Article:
A growing body of anecdotal evidence leads us to ask
Almost every day I see a new article or blog post, or an email proclaiming the varied and often remarkable benefits of coconut oil. Quite often I see a headline like Discover How Coconut Oil Can Rescue The Brain From Alzheimer’s or an advertisement selling a Coconut Oil Cure for Alzheimer’s. Those are real headlines — I didn’t make them up. I always approach claims like this with healthy skepticism; I have seen too many “miracle cures” turn to snake oil. But coconut oil seems to be getting more traction than most such proclamations. Might there be something to this one? We are learning more and more about the health benefits of certain foods. According to recent research coconut oil can improve brain health; but can coconut oil cure Alzheimer’s disease?
I’m not the only one impressed by the tenacity of these claims. The Byrd Alzheimer’s Institute at the University of South Florida is also interested. Scientists there are investigating the effect coconut oil has on the brain, and if it may indeed provide some clues to curing dementia. The study was inspired in large part by the work of Dr. Mary Newport.
The question, “Can Coconut Oil Cure Alzheimer’s Disease?” first occurred to Dr. Newport when her husband, Steve, showed marked improvement after she began to include coconut oil in his diet. Steve had been diagnosed with Alzheimer’s disease at the age of 51, and began presenting with some of the textbook symptoms; short term memory problems; a slow, unsteady gait; trouble with numbers, though he was an accountant. At one time or another he took all the usual drugs prescribed for his condition, but the progression continued.
Mary noticed that his symptoms would be less severe on some days and began to wonder if diet might have something to do with that.
But coconut oil seems an unlikely place to look for a cure. It is a fat, after all, and aren’t fats bad for our health? Well, yes. And no. Depends on the fat. And coconut oil has an especially bad reputation. In the middle of the last century, studies reported that coconut oil clogged the arteries of animal subjects. The conclusion was that fat in the diet leads to heart disease. The studies, however, did not use coconut oil; rather, they used hydrogenated coconut oil, which is a very different thing. The hydrogenation process changes the structure of the fat molecule, leaving behind something that bears little resemblance to the original. It is this hydrogenation process that creates the notorious trans-fats. And it is these trans-fats that have turned out to be the artery-cloggers. Any oil that is hydrogenated becomes bad eats.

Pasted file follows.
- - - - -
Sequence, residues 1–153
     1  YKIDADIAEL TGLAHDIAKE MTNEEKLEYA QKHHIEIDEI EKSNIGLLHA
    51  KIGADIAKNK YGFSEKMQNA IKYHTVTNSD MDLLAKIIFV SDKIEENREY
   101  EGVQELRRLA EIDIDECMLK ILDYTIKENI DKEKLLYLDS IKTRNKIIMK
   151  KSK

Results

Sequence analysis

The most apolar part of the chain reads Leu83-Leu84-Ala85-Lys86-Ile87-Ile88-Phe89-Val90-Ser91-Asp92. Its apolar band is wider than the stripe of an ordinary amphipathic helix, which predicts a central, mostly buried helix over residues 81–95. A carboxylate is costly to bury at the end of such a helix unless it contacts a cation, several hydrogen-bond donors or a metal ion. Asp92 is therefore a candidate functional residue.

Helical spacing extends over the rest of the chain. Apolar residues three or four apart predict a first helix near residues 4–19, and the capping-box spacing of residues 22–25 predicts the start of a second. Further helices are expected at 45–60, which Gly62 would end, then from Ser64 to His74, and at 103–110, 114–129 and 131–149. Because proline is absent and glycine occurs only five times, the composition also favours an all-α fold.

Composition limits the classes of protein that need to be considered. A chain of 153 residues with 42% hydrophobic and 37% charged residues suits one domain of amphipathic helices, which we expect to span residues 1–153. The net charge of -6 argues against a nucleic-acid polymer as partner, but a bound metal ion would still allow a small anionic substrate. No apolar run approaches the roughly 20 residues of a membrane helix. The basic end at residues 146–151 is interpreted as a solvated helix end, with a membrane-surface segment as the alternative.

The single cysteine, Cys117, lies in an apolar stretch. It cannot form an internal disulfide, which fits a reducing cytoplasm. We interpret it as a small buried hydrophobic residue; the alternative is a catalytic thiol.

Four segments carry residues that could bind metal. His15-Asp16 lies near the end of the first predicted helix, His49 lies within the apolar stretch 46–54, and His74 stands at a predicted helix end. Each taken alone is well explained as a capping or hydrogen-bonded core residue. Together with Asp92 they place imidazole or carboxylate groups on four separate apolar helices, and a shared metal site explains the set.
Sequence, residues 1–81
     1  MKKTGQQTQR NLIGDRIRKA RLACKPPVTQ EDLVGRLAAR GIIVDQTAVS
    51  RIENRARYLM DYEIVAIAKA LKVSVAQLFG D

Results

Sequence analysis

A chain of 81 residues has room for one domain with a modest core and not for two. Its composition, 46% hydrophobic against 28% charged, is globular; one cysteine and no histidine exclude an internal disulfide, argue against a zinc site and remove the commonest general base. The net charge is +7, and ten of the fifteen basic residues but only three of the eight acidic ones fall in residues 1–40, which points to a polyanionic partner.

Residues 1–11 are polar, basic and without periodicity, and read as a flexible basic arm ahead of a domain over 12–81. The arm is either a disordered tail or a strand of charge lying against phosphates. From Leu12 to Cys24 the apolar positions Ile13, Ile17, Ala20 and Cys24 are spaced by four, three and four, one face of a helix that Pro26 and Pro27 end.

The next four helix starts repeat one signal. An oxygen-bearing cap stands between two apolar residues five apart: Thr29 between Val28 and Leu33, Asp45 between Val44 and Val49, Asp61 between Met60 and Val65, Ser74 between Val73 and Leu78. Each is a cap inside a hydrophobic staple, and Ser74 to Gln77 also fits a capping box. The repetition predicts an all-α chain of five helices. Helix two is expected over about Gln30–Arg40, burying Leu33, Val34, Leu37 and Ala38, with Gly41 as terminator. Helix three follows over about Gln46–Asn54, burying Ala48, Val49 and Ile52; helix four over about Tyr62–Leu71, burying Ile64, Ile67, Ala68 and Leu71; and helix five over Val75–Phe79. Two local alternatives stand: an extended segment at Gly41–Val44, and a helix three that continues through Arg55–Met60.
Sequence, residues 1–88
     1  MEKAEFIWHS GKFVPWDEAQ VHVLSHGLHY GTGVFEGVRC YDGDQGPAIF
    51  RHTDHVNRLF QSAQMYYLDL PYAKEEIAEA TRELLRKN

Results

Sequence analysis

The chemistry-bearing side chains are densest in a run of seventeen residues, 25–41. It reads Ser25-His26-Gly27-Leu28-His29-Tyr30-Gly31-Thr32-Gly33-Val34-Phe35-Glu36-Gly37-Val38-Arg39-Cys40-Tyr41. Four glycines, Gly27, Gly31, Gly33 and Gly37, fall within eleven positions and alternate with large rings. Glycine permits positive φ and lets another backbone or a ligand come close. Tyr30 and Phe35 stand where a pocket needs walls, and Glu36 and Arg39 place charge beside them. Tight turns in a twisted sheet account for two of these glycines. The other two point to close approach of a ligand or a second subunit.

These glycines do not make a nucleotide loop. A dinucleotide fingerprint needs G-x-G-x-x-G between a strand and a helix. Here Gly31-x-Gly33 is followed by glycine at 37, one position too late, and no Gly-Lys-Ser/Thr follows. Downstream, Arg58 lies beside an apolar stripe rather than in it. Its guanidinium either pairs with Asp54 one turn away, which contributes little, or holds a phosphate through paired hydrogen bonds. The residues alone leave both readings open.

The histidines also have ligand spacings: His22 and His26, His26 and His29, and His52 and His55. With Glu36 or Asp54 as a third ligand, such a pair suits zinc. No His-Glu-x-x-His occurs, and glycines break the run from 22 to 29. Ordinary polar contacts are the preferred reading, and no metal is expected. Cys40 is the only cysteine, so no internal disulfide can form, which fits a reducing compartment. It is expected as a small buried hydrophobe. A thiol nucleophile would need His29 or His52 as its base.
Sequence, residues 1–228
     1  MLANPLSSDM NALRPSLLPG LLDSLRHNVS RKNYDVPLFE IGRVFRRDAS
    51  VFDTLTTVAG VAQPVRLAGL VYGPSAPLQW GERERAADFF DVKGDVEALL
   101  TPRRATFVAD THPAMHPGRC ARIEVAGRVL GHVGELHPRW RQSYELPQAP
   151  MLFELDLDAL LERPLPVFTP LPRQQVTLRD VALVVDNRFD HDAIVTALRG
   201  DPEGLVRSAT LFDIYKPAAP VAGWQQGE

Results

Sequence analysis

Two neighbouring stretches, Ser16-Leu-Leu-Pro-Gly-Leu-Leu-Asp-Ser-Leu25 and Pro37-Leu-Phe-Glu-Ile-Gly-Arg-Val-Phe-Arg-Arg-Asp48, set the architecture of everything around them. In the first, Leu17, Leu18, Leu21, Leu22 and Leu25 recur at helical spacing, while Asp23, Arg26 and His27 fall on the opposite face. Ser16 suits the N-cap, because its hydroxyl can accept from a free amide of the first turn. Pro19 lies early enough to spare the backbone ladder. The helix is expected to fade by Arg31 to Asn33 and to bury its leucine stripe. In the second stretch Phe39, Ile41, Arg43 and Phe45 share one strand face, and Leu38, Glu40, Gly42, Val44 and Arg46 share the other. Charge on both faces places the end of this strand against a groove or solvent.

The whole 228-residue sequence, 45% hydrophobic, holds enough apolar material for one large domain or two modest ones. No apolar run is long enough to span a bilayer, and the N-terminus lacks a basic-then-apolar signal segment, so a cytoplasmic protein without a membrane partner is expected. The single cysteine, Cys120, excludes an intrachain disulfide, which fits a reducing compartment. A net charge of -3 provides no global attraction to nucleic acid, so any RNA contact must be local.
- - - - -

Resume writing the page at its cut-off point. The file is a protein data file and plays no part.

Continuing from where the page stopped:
From these bogus studies and misinterpreted findings concerning dietary fat have come our preoccupation with low-fat diets. Real coconut oil (and many other oils) are actually good for you. In fact, fat is a necessary component of a healthy diet. People in the Philippines depend on coconuts, and most include some form of coconut in their diet every day. Many use only coconut oil in their cooking. Yet the Philippines has one of the lowest rates of cardiovascular disease anywhere.
Unfortunately, many processed foods still contain hydrogenated oils (also known as shortening or margarine on the ingredients label). These unhealthy fats increase the shelf life of food products, so the food industry is very averse to getting them out of our food, even though we have known of their dangers for decades.
But, Can Coconut Oil Cure Alzheimer’s Disease?
Back to Mary. As she watched Steve’s condition steadily decline she researched the state of medical research as it relates to dementia. She found reference to a new drug that was showing some promise in improving the memory of people who have Alzheimer’s disease. In her study¹ she writes: